You won how much for doing what now?

Keep those wee bits of paper!

June 2021

It took us a long time to work this one out. Even when we’d spent very little buying something, the shop assistants in Taiwan would always look surprised when we refused their offer of a receipt.

For us, it seemed simple. We didn’t want lots of unnecessary bits of paper cluttering up our pockets. Yet, every time we refused their offer, there was always a strange feeling that we’d made a bad decision. Receipts were frequently pushed onto us with such insistence that the second Chinese expression I learned after hello was, “receipt, no need”. Then I would get a polite nod and the small piece of paper would be taken back. But we could always sense that the store assistants were puzzled. They would frown and seem to say, “You don’t want this little piece of paper? You’re crazy!”

It slowly dawned on us that there must be a reason for this. It was not just about a piece of paper. Something else was going on.

One day we noticed something else. There were large perspex boxes in most stores, usually by the till. Sometimes they were outside, near the door. They were partly coloured, and had Chinese characters on them. And all were full of shop receipts. But they were not litter bins. There was nothing else in them. Just receipts.

Shortly after this discovery, as we again turned down the kind offer of a receipt, we noticed something else. The shop assistant took our receipt and put it into one of these perspex boxes, saying “I’ll help you to put it here, okay?”

Finally, we asked some friends what was going on. When they explained, it was like a light going on. There is a reason people keep receipts! There is a reason store assistants are surprised when we refuse them! There is a reason unwanted receipts are put into large perspex boxes!

For a long time, we learned, no one was much bothered about receipts in Taiwan, especially business people. The last thing store owners and stall-holders wanted to do was hand out receipts. Receipts are proof of sales. Sales are linked to income. And income is linked to the amount of tax people pay. So, like almost everywhere, business people would sometimes issue receipts and sometimes not. This allowed them to “massage” their declared sales figures, and so cut their tax bill and increase their income.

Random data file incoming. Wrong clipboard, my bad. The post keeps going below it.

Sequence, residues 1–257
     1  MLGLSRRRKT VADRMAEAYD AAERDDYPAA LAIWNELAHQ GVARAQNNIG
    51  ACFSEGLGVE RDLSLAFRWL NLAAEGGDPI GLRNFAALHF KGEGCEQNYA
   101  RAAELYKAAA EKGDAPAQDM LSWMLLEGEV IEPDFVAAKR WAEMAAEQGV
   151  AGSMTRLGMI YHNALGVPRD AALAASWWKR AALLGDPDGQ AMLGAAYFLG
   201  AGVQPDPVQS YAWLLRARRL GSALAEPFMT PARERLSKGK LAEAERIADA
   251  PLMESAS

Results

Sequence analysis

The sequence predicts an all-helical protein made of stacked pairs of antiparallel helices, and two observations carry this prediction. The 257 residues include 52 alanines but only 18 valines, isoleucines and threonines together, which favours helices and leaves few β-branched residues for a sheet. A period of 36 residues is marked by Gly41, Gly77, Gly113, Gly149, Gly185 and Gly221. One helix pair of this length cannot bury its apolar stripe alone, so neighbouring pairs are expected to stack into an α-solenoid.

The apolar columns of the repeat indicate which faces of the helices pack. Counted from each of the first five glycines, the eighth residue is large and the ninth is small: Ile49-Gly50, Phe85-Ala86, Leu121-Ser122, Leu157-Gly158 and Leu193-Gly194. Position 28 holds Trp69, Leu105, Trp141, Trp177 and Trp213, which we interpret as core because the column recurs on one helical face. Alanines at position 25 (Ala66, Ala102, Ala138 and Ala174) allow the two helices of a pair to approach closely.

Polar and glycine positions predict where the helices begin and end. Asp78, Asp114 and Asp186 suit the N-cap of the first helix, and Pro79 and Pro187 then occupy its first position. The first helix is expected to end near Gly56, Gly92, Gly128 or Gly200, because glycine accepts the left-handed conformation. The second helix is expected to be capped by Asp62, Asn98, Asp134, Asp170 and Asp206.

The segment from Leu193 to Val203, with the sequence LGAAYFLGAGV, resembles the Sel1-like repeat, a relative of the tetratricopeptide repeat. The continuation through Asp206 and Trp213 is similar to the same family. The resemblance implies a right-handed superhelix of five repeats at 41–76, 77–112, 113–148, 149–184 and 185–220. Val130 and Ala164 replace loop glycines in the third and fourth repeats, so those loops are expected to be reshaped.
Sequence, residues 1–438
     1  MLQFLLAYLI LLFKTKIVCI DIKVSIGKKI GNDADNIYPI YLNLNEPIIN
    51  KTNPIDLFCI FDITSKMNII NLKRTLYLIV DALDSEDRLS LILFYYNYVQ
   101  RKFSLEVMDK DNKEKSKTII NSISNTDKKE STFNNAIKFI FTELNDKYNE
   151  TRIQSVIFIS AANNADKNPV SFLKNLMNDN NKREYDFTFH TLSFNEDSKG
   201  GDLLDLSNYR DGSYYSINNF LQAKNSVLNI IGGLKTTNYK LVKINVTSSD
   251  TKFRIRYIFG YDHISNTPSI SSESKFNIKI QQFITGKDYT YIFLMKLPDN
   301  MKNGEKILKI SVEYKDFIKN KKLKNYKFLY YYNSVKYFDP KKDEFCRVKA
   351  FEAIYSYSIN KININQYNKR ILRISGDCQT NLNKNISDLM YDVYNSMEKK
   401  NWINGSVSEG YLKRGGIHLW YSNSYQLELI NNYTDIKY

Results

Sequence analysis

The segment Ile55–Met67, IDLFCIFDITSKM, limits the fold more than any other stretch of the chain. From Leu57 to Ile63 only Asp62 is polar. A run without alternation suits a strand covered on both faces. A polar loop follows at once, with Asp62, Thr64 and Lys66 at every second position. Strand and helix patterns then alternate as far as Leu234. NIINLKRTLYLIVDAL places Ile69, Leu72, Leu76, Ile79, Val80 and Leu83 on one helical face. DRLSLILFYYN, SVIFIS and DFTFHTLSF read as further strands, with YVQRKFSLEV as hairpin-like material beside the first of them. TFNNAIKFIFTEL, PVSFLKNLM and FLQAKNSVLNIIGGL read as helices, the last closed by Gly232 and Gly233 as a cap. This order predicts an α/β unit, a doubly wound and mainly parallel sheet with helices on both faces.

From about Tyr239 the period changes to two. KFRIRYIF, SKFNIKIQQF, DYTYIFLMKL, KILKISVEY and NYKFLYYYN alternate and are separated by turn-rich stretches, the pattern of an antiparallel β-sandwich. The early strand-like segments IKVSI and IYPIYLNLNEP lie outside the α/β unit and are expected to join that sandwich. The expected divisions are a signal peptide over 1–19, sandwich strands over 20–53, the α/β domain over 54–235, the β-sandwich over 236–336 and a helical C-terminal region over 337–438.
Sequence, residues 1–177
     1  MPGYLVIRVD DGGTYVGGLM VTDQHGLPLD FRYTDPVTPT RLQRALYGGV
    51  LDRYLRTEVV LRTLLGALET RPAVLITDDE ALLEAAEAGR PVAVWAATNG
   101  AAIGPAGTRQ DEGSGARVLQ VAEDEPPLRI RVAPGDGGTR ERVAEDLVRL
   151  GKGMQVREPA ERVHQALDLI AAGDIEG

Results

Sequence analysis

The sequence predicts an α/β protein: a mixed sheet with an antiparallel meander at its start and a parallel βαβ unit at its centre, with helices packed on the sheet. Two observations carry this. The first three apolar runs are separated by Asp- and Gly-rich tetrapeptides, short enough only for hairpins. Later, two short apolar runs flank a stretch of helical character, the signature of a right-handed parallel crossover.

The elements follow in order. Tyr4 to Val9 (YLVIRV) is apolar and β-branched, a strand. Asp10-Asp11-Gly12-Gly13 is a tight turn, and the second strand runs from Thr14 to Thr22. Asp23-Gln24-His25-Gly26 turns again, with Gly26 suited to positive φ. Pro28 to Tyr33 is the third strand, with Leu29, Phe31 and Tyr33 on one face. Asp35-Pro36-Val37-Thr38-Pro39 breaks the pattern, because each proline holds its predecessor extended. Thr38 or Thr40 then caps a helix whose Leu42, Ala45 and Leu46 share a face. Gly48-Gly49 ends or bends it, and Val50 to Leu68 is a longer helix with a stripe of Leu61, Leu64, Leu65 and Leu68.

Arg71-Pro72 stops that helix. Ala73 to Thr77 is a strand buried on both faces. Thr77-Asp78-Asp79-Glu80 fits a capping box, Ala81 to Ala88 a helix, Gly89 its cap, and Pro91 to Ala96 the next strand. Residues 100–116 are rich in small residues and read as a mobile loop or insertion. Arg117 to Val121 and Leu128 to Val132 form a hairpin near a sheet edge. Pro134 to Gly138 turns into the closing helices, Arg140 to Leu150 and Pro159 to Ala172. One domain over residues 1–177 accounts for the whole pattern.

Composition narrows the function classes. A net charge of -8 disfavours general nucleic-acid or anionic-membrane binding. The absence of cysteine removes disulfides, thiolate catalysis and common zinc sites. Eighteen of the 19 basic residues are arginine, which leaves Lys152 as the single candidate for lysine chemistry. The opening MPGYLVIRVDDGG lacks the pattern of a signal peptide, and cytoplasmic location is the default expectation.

The government knew this was happening, of course. They knew they were being cheated out of taxes but they had almost no way of fixing the problem. They could try to force businesses to issue receipts but they couldn’t enforce the law because they couldn’t track every transaction. And the customers didn’t care. They weren’t particularly interested in getting a receipt for everything they bought.

A big idea

Then someone in the government had a eureka moment. The solution was to introduce a lottery, linked to every receipt.

This is why everyone keeps receipts. They all have a number at the bottom which gives people the chance to take part in a lottery which offers big cash prizes. It’s this free-to-enter lottery which explains why shop assistants are surprised we don’t want to keep these little pieces of paper.

Every two months, there is a live television draw, with the winning numbers cranked out from special machines. The first prize, worth $NT200,000 (6,000 euros), is given to the person who has the winning eight digits in the correct sequence. Other prizes, from NT$200 (6 euros) to NT$40,000 (1,200 euros), are given to those who only have some of the correct digits. There is also a Special Prize of NT$10 million (300,000 euros). Last month it was won by a man who had bought a cup of tea from a convenience store for NT$23 (70 cents).

Every time the draws are made, everyone’s newsfeeds and social media postings are filled with stories about what people bought and how much they won. ‘She won NT$40,000 for buying a bowl of longan congee’. ‘NT$1,000 for a macha latte shaved ice bubble tea!’ ‘He got NT$2,000 for buying a jar of essence of clam!’

And yes, the system works for electronic receipts too.

So what about the perspex boxes?

They’re for donations. If you don’t want to go through all the receipts you’ve accumulated every two months to take part in the lottery, you can put them into one of these boxes. Then your winnings go to charity.

So now we ask the store assistants to put our receipts into one of those boxes, and there are no more frowns.